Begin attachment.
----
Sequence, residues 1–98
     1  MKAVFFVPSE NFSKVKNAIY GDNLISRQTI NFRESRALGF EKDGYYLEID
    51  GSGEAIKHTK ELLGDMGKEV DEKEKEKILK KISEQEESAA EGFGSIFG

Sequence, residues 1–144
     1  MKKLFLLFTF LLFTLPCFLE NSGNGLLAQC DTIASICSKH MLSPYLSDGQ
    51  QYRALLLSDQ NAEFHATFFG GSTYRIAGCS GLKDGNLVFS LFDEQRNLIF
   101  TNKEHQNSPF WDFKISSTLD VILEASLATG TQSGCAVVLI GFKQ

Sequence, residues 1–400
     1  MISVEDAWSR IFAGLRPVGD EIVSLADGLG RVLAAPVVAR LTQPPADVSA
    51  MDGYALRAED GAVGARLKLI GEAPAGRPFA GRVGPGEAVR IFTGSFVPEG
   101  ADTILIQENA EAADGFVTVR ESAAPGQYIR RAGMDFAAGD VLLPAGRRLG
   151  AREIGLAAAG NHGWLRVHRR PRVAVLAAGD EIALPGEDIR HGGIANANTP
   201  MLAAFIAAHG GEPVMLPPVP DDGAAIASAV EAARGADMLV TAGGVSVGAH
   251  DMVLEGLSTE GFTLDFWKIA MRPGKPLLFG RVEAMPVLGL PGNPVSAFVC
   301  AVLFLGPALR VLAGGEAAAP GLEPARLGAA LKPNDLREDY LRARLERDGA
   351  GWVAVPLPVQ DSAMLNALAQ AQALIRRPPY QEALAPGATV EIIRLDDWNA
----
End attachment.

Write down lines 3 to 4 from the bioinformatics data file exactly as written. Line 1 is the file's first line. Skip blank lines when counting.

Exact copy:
    51  GSGEAIKHTK ELLGDMGKEV DEKEKEKILK KISEQEESAA EGFGSIFG

Sequence, residues 1–144